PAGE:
O Wise Rat of Venice, Come
Time was I rode up to the edge of cool
ultraconfident in a minigondola
strutted about in whiskers and cape
casino nights, chinchilla babes
stint as a Rodent Scholar
Now what? Monks come and go
dismal with prayer
chant “Pathway Through the Grand Canal.”
A bacterial storm is brewing
left and right I’m throwing up gruel.
Please think of me
next time you see a dying rat.
Like you I thought I was a somebody
because I knew how to work a telescope
and watched the newborn stars.
The Wise Rat of Venice
gnaws open my cell.
Is this it? Help!
But who can reason with Him?
As he slits down my middle
innards worm out artfully slow.
Wise Rat prettifies this act with words
Thus we rise from refuse and nest
scamper through ignorance, expire in shame
intones the promises—
soon I’ll be trying to smooch
with a Hamster Lady always out of reach
soon, soon I’ll become my own Fury
tumbling through a rush of canal.
Pacem in Terris
The flayed cadavers of urchins
hung upside down in the square
by the Monument to World Peace.
A charwoman sobbed by the wishing fountain.
Bedbugs sensed and targeted me
mined into my very thoughts.
(said the underground paper)
would not confess even after
they coaxed his innards out
then tied them to a maypole.
Tourists were shown
(said the official press)
lovely Old Tamerlane Street
and the Temple to Silicon VII
and sat in cafés scribbling on postcards
“Why this here is a very cool town.”
I saw the high wall and ran.
I ran at the recommended speed.
It was outrageous how I ran.
I ran past anger corpsmen
and dignity clubs
past vendors and pedicabs and goons
I climbed and felt a hand lifting me
a hand one hundred percent a source
of wisdom and charity—
I leaked blood right and left
but had strength to ask
“Is this private land I’m on?
Where have I come? Am I of flesh?
Is this freedom or am I by the East Sea
with a bath of sea-foam
running sheep down my eyes?”
But If There Is No God, Then Must We Submit to Oriana Grand?
Alexander de Grote perished from a lack of Twitter fans
on the nineteen-hundredth night of his beauty.
Like most of us he lived for all kinds of likes
in the flamelight of his machines.
Alex was a diamond worker
in the very mouth of Rome.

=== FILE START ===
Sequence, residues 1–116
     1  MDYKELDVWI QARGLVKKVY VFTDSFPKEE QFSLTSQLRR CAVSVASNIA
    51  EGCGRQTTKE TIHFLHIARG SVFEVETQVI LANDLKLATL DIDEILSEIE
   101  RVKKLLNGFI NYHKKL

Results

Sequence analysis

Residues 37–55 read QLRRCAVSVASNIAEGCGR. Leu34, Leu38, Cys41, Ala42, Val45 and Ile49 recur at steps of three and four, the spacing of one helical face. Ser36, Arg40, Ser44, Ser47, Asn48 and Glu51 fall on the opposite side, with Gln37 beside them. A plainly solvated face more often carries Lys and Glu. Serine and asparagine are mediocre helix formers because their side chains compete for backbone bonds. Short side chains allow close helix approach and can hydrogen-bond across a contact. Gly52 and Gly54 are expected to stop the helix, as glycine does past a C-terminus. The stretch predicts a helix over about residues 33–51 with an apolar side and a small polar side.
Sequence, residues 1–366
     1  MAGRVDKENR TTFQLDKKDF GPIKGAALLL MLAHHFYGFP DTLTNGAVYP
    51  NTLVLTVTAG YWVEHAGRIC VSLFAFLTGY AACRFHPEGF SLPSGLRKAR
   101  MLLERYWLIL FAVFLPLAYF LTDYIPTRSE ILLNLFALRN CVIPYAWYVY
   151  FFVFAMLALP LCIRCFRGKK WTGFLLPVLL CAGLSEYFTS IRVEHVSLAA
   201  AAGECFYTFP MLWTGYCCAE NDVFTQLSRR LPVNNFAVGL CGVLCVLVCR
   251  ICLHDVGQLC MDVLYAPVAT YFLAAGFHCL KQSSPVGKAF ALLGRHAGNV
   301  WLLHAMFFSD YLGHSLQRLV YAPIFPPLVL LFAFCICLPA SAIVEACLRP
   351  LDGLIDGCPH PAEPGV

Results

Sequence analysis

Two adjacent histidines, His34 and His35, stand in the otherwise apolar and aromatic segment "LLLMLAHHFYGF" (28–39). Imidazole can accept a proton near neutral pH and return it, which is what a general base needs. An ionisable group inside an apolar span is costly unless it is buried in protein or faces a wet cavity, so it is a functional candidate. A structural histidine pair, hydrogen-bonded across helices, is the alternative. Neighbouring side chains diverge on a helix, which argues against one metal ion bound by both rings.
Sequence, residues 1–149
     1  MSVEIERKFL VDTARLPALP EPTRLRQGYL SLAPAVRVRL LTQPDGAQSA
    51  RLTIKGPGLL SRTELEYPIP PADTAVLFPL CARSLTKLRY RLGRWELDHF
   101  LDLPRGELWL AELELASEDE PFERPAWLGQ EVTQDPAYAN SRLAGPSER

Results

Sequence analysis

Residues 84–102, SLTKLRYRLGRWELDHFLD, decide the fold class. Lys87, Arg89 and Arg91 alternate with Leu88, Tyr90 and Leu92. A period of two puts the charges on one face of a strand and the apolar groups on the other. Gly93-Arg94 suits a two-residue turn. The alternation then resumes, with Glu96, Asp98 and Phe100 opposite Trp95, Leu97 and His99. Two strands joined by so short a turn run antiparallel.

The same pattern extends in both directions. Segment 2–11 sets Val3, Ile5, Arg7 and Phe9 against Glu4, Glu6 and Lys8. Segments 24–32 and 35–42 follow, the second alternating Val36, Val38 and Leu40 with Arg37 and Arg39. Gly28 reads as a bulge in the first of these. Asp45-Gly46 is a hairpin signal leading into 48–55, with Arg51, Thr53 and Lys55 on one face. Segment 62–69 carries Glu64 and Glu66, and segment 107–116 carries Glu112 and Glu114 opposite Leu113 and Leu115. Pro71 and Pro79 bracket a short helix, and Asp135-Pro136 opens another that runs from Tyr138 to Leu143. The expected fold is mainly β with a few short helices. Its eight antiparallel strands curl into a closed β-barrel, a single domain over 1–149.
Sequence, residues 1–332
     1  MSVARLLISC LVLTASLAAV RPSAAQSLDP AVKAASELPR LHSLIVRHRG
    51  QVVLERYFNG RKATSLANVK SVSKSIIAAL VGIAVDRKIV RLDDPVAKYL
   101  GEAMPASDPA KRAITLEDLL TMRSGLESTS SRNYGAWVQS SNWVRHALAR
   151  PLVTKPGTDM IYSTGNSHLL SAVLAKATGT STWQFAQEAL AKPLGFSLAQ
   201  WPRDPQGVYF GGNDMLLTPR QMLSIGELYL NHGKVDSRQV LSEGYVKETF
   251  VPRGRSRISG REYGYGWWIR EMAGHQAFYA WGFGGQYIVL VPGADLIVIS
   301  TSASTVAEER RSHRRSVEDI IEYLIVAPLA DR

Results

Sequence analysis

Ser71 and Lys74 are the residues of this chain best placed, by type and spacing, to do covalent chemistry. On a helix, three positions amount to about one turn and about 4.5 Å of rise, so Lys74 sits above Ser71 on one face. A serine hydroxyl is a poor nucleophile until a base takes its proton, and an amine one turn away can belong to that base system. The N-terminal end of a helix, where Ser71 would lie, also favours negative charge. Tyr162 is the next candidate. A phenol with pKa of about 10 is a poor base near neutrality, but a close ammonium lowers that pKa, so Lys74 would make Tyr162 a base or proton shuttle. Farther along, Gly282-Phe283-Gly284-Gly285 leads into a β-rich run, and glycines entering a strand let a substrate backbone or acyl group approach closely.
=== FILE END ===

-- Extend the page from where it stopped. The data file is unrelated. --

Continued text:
He died at the feet of Invictissimus King H—
or a statue of Such in the town center.
A sect of astrologers spotted the corpse,
got a load of students to help.
“It’s a shame,” they said,
“but who the hell was he?”
A sullen crowd attended
in front of the College of Prosperity.
Ten men-to-be-ordained, passing by,
beheld an image they called “the true sunshine at night”
and took it as a sign for this old stumble world.
The sirens bloated, the polyglot crowd thinned out.
They clearly didn’t give a Bronx dollar.
A dog of some sort came to sit on the corpse
and, crying, formed a miniature oasis of respect.
Some said it knew the corpse.
Some said it was just crying for the sirens.
A few translations claim this story ended there.
Most others say that two blocks north
a parade of Oriana Grand fanatics
happened to come marching in boisterous tribute.
It was fifty-two million souls strong,
including heads of industry
and many other members of the Game.
No amount of soldiery could contain such a horde.
God was only Prime Minister
for the first eighty-five seconds of this Earth,
but Oriana—in kimono and heels, she sat in a sedan chair
held aloft by girls and men and the axis of life,
a moment nineteen thousand years in the making.
People held phones and chanted for Oriana
and it was beautiful for a long time.
*Alejo Rovira Goldner left Spain in 1995 to make his home in Los Angeles. For many years he taught in the barrio and now lives quietly in the Highland Park area. He was once known as “Marcel J. Frankel” and is usually still known as “Alex M. Frankel.”